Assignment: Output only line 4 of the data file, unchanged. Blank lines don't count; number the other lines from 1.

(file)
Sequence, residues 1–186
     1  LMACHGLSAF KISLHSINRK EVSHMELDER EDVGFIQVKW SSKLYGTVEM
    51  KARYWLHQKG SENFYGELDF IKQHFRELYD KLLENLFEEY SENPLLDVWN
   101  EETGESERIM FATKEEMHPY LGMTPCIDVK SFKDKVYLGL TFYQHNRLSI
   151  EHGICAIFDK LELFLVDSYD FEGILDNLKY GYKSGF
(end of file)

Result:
   101  EETGESERIM FATKEEMHPY LGMTPCIDVK SFKDKVYLGL TFYQHNRLSI